Crossing the HTTPS Finish Line

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Last year, we started transitioning The Atlantic from serving pages over HTTP to using the secure HTTPS protocol. It’s been a gradual process, but today we’re happy to announce that our articles are served 100% over HTTPS.

Traffic to HTTPS pages on TheAtlantic.com

As we wrote in an earlier article, the HTTPS conversion strategy for our stories had several phases:

  1. Enforce HTTPS for newly published articles
  2. Find and update any HTTP embeds in our article archive
  3. Migrate our full archive to being HTTPS only
Redirect the user to the HTTPS version if necessary

We handled the first phase by first adding a bit of code in Ollie, our custom CMS, that both prevented users from adding HTTPS-incompatible HTML into any new articles and then also flagged all of these new articles as being HTTPS only in our database. On the front end, if a user tried to access one of these new articles via HTTP, they would automatically be redirected to the HTTPS version of our website.

Finding and fixing non-HTTPS compatible embeds

We were able to achieve the second phase by scanning our archive for HTTP content embedded in our old articles and updating if possible. This required automatically checking to see if a HTTPS version of the embed existed online and then updating the HTML accordingly.

The final phase, which involved setting the ‘HTTPS only’ flag on all published articles was the simplest technically, however, it actually took the longest to accomplish. This is because one of the biggest obstacles that any site with a sizable back catalog of HTTP content will run into is figuring out how to make the transition to HTTPS without being penalized by Google. Since Google announced in 2014 that they were going to start rewarding sites for using HTTPS, the idea that switching from HTTP to HTTPS could hurt a site’s SEO might seem counterintuitive. However, Google treats transitioning from HTTP to HTTPS similar to changing domain names, and warns that it “can temporarily affect some of your traffic numbers”.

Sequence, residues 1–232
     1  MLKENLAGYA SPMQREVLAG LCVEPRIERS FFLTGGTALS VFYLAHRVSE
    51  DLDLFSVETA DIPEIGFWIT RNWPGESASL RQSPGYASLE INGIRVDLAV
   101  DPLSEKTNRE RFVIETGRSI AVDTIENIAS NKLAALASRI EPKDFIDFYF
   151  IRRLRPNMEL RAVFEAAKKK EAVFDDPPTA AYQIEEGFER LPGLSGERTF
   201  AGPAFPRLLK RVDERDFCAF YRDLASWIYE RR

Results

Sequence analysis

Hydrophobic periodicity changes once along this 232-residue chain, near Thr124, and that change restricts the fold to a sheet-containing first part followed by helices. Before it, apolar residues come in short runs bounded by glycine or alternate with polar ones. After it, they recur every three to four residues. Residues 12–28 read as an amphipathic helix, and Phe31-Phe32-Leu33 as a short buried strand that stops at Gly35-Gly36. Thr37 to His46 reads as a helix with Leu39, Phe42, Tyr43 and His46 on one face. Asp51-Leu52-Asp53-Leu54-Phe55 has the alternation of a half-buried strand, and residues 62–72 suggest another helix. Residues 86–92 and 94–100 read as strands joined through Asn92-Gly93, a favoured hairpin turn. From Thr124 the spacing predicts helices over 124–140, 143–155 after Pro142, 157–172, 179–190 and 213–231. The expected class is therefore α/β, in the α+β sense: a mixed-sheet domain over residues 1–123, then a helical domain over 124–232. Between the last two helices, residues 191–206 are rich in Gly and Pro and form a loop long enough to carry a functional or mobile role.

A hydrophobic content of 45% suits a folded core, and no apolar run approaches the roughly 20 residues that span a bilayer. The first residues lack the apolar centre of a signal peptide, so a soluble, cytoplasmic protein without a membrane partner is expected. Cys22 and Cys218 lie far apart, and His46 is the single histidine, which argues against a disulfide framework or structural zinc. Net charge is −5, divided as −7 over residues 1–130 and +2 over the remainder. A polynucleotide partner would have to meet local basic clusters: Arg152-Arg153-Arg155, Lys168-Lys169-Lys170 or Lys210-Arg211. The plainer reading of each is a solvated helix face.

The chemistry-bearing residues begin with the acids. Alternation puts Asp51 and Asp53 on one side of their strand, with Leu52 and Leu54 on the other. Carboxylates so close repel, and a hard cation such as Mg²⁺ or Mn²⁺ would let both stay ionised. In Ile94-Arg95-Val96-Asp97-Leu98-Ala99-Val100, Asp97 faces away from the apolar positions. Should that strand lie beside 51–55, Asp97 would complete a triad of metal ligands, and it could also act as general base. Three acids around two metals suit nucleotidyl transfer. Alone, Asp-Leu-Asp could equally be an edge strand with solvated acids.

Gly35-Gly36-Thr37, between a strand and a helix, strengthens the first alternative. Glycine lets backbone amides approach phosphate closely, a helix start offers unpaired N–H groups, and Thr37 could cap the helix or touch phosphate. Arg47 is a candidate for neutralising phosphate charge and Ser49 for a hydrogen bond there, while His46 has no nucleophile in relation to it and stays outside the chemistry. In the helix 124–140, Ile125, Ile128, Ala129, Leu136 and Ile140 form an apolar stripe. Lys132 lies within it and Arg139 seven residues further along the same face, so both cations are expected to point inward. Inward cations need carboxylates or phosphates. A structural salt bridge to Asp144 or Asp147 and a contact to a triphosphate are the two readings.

So, while going all in on HTTPS might give us a slight long term boost in our search rankings, we wanted to proceed carefully to avoid the penalties that other media companies have seen. To that end, after enforcing HTTPS for newly published articles, we waited until we had a good sized buffer of new HTTPS content before we began migrating our archive. Next, our analytics team carved our articles up into ten tranches based on search engine referrals, with a few SEO heavy hitters at the top, and the great mass of articles with little search engine traffic at the bottom. Using that data, we could set articles to be HTTPS only tranche by tranche, slowing working our way up the list. By migrating our data in this way, we spaced out any damage done to our search rankings and avoided the negative network effect that might be incurred by redirecting our entire article archive all at once.

Now that we’re delivering all of our articles over HTTPS, we’ll be able to leverage some additional technologies. First, we can use the faster 2.0 version of the HTTP protocol which most browsers only support when coupled with HTTPS encryption. Second, we can work on implementing HTST headers and preloading which will help ensure that browsers never try to access our website using an insecure protocol. Finally, standardizing on HTTPS allows us to use a JavaScript technology known as service workers which enables features like push notifications, improved offline reading, and improved performance.


Crossing the HTTPS Finish Line was originally published in Building The Atlantic on Medium, where people are continuing the conversation by highlighting and responding to this story.

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